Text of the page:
Archive for September, 2010

Bajaj: Amazing comeback

September 25, 2010

“Bajaj Auto”. is a prominent name in Motorcycles today. But rewind Back 15 years and perhaps even in ur wildest dreams u wouldn hav imagined this much growth and market share for Bajaj. During early days(1984)Bajaj

Auto’s major field was Scooters. Its was considered the King in Indian Scooter industry. It had a collabration with Kawasaki to introduce motorcycles. They produced the famous KB 100 series competing against range of 2-stroke bikes and mainly the RX-100 from Yamaha. Those were the times when the Indian economy was a closed one, where it was very difficult for foreign player to enter the Market.

But the liberalisation of our economy in 1991 opened up new avenues as well as incresed competition for most of Indian companies. Bajaj was headed by its founder and CEO Mr. Rahul Bajaj at that time. He became famous as head of the Bombay Club, opposing liberalisation till there was a level playing field for Indians and foreigners.The Bombay Club managed to slow liberalisation but could not stop it. Moreover, liberalisation brought the threat of cheap imports and FDI from top companies like Honda. Meanwhile Indians began to prefer motor-cycles to scooters, and Bajaj Auto could not touch Hero Honda in this field. Bajaj had released the K bajaj 4S champion which took of well only to lose to Hero Honda. Its K bajaj Boxer AT also failed miserably with HH launching Splendour which was a run away hit(still running now).Kawasaki also parted leaving the future of Bajaj motor cycles a big question mark.Scooter sales continued to plummet, the recession and stock market collapse of 2001 hit the company hard, and some stock market analysts thought it was doomed.

It was the time Mr. Rajiv Bajaj, Rahul’s eldest son, came back to India from business school in the US. He took a hard look at the company and came to very different conclusions. He saw that Rahul’s ambition of becoming world No. 1 in scooters was irrelevant in a global economy where motor-cycles ruled supreme, and that the company needed to change its strategy accordingly. What followed was a stunning peice of turn around which has all criteria to get into the best books of Strategic Management!!!.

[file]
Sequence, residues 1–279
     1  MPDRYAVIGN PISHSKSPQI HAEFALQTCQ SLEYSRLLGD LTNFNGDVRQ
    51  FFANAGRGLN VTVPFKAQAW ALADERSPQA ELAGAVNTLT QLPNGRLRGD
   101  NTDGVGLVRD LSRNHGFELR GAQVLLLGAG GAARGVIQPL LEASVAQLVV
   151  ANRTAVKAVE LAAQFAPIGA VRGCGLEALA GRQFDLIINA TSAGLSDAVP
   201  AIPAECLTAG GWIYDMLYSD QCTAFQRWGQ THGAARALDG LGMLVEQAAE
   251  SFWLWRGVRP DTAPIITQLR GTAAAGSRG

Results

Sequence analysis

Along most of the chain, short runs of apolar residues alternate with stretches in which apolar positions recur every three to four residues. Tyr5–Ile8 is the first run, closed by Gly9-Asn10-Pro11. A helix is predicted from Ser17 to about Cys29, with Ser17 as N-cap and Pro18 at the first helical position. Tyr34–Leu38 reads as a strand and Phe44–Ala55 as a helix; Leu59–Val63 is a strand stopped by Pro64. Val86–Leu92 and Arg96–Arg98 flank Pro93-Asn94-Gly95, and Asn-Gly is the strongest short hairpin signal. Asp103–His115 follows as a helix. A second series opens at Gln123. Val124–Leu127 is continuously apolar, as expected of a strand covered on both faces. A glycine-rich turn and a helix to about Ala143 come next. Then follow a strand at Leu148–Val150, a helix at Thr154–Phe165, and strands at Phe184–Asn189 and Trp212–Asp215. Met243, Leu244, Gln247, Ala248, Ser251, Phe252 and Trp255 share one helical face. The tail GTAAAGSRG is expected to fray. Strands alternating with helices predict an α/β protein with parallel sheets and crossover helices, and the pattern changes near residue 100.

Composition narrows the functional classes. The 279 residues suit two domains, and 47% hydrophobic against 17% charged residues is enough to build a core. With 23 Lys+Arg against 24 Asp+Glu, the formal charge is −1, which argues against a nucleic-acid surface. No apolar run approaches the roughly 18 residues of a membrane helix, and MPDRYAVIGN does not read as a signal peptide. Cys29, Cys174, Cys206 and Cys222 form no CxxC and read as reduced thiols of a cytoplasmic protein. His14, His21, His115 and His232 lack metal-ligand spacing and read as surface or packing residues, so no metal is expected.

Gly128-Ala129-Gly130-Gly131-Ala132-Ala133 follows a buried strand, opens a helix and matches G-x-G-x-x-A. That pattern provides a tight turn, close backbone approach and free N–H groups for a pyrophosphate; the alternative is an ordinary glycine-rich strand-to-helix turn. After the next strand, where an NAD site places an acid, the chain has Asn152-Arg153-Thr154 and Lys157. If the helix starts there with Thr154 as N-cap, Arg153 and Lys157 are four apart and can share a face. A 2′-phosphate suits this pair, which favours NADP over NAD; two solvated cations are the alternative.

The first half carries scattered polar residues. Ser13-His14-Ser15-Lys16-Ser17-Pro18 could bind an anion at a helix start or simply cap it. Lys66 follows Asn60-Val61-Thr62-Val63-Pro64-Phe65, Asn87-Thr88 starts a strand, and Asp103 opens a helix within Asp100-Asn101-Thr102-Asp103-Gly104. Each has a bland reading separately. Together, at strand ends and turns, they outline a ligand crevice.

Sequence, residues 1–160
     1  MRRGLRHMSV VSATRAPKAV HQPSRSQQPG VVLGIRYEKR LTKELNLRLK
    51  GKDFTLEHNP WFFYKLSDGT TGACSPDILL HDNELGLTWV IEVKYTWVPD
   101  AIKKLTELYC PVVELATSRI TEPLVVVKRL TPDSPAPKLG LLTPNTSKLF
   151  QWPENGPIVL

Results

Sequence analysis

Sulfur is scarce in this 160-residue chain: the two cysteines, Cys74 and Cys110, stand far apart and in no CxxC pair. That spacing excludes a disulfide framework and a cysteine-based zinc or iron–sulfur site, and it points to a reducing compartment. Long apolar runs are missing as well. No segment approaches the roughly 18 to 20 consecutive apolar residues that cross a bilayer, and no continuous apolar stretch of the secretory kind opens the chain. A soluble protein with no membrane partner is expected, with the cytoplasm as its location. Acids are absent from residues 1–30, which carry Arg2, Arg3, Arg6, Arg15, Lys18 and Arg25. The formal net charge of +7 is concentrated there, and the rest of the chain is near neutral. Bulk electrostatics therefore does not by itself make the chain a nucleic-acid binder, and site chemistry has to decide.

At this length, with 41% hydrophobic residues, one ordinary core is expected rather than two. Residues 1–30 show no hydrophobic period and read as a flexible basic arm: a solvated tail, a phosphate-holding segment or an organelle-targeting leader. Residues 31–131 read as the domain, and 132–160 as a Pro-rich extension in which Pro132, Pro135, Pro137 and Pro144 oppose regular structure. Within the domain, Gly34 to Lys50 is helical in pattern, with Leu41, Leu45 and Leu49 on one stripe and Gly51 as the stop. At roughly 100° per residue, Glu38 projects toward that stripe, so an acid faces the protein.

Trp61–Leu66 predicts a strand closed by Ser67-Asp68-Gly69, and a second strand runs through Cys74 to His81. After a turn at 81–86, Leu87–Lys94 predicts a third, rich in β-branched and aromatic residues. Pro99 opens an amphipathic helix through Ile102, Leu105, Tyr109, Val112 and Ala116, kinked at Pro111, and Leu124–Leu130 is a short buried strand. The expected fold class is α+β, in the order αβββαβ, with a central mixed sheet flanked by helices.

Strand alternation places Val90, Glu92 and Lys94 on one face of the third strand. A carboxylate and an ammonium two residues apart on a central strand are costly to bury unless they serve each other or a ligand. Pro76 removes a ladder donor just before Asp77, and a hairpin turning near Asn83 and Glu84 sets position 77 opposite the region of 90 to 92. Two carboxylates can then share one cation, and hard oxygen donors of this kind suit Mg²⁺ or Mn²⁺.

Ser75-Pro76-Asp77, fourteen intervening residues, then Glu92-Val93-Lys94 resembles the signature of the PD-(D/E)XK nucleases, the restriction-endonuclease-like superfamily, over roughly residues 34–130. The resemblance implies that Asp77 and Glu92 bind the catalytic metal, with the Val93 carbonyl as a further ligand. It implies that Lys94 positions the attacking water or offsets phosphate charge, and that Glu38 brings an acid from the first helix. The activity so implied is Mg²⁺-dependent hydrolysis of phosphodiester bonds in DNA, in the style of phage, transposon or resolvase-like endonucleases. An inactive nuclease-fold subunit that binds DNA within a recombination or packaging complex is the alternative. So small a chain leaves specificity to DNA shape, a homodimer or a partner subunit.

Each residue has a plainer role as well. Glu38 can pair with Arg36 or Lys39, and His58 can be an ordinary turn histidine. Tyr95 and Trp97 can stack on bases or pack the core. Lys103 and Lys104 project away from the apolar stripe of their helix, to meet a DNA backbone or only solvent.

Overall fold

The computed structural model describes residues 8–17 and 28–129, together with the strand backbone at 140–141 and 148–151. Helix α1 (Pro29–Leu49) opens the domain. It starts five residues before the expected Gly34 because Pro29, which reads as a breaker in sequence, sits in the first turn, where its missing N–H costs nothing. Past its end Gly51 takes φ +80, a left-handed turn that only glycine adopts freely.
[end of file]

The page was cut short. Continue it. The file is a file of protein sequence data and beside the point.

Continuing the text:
His startegy was simple yet path breaking. When u have a competitor so strong as HH dont compete in his domain of strength. The 100cc market was HH strength. Repeated attempts to compete in that space by Caliber, Boxer AT didnt make much of a difference. That was the time they decided to launch something new, perhaps create a new market. The concept was Pulsar began to grow. The Pulsar underwent almost 2 years of R&D. After so much of efforts and sweat Pulsar was launched in 2001 in two variants. 150cc and 180 cc. For the first 3 months the bike was termed a failure. I remember my Friend booking Chennai city’s 3rd P-180 and we all ridiculed and laughed at him saying “u hav brought a failure model.CBZ rules always!!!”. But the performance was jus awesome. The power it could generate, the macho looks, the huge tank, it was like a Wresler. A well-oiled Wresler. Gradually the sales began to pick up by the end of 8 months, Pulsar was considered a Huge hit with P-150 leading the way. Pulsar instantly became the fav of all collage lads. The result was so obvious in the Stock prices.